Monarch butterflies (Danaus plexippus) of North America are renowned for their long-distance seasonal migration and spectacular winter gatherings in Mexico and California. The monarch butterfly population has recently declined to dangerously low levels. In the 1990s, estimates of up to one billion monarchs made the epic flight each fall from the northern plains of the U.S. and Canada to sites in the oyamel fir forests north of Mexico City, and more than one million monarchs overwintered in forested groves on the California Coast. Now, researchers and citizen scientists estimate that only about 33 million monarchs remain, representing more than a 90% drop across North America.
To conserve this animal and its habitat, Xerces works with multiple partners across North America. We believe that by working broadly with multiple stakeholders, we are well-positioned to truly recover these butterflies. See The Xerces Society’s Partnerships for Monarchs for a summary of our recent efforts and ongoing partnerships.
Nationally, Xerces is working to restore monarch breeding habitat. Our partnership with the USDA NRCS, has resulted in planting more than 120,000 acres of habitat for monarchs and other pollinators, including tens of thousands of diverse wildflower plantings that include milkweed. We are also working to increase the availability of native seed and to make it less expensive to use in restoration activities.
In the western U.S., Xerces is working to identify, understand, and protect monarch overwintering and breeding habitat. In partnership with the Monarch Joint Venture, we have monitored more than 140 California overwintering sites, trained volunteers to monitor many more as part of the Western Monarch Thanksgiving Count, and created a database of all California overwintering sites that allows us to better understand the status of western monarchs and how pending development projects will affect them. Working with land managers and herbaria, we created a database of more than 7,000 milkweed and monarch breeding locations in seven western states, to work toward identifying and conserving important monarch breeding areas.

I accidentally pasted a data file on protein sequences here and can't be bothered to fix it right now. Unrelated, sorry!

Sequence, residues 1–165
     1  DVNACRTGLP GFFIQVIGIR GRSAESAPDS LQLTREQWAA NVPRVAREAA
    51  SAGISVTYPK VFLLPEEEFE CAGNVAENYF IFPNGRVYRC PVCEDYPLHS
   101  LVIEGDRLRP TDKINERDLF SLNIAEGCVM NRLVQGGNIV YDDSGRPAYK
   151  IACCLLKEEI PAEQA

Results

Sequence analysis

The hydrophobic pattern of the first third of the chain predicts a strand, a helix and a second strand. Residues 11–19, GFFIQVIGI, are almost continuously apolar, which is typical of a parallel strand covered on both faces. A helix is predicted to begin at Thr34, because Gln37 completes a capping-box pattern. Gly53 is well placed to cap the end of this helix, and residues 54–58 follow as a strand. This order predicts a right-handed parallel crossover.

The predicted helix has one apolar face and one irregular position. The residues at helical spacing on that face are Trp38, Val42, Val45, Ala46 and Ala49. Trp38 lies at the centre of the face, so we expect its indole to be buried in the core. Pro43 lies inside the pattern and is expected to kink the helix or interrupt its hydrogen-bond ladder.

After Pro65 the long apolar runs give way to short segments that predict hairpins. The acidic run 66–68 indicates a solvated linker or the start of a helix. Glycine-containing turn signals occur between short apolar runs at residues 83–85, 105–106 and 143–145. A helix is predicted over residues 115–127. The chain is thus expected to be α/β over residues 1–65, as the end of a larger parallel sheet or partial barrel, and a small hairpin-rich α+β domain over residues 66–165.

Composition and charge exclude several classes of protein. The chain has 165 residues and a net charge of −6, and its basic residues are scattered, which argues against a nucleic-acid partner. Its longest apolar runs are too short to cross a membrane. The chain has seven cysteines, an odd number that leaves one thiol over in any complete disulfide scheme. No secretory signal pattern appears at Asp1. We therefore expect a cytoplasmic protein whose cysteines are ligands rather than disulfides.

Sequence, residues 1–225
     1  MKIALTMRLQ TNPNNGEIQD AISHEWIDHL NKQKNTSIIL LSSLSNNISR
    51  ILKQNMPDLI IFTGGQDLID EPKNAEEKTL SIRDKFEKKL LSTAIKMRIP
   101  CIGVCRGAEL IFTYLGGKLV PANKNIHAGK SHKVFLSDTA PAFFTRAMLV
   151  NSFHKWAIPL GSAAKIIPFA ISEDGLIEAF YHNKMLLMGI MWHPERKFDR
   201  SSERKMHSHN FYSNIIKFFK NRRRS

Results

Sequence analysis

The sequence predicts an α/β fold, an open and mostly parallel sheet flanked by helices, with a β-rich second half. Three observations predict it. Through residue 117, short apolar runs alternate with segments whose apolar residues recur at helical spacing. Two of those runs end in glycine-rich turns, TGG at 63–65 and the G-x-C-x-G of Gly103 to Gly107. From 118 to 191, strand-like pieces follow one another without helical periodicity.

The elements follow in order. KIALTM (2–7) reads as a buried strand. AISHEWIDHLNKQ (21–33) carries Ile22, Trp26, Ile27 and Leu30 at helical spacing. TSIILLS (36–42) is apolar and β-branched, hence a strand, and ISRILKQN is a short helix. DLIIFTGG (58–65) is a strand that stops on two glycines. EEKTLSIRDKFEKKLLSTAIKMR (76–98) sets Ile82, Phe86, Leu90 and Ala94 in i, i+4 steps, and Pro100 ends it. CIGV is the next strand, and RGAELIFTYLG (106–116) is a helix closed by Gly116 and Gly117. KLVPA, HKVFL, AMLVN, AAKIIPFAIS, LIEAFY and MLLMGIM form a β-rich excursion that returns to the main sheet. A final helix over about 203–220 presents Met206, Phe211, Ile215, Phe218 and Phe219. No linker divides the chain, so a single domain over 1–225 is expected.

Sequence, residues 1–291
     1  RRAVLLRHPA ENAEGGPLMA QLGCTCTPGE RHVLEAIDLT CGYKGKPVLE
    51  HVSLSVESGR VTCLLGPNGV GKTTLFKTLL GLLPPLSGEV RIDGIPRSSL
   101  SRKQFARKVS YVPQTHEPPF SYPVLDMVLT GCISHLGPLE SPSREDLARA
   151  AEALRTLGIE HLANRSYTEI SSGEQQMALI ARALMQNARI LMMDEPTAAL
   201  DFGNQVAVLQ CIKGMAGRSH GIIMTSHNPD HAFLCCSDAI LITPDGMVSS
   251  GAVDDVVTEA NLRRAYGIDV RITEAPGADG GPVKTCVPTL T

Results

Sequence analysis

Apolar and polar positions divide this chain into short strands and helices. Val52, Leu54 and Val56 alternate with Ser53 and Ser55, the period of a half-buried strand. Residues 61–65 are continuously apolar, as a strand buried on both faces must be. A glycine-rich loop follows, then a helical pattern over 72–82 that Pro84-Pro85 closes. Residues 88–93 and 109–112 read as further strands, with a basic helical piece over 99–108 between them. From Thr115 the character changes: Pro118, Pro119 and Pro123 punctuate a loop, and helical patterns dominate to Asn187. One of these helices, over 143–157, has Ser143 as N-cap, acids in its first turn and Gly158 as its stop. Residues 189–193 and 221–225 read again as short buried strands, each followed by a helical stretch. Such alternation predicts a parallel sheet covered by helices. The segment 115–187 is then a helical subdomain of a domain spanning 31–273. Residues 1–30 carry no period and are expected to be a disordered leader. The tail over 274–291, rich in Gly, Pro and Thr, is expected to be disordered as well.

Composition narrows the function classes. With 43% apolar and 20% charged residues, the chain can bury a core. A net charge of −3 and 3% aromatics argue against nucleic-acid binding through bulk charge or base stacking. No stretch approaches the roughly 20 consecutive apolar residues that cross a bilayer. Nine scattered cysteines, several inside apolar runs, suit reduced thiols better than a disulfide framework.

- Plant native milkweed and nectar plants. Find sources of local, native milkweed seed in your state using our Milkweed Seed Finder.
- Avoid using insecticides and herbicides.
- Support agriculture that is organic or free of Genetically Modified ingredients.
- Become a citizen scientist and contribute to research efforts to track the monarch population in its breeding and overwintering range.
- Support the Xerces Society’s monarch conservation efforts.
North American Monarch Conservation Plan
Project Milkweed fact sheet
Xerces Society Policy on Butterfly Releases
SE Monarchs, Milkweeds, & Hostplants Brochure
April 14, 2014 letter to President Obama and Secretaries Vilsack and Jewell; press release
The Xerces Society’s Partnerships for Monarchs
California Pollinator Plants: Native Milkweeds
Western Monarchs in Peril – Xerces Society Fact Sheet
Protecting Monarch Groves
The Legal Status of Monarchs in California
Xerces Society Conservation and Management Guidelines (1993)
The Monarch Habitat Handbook: A California Landowner’s Guide to Managing Monarch Butterfly Overwintering habitat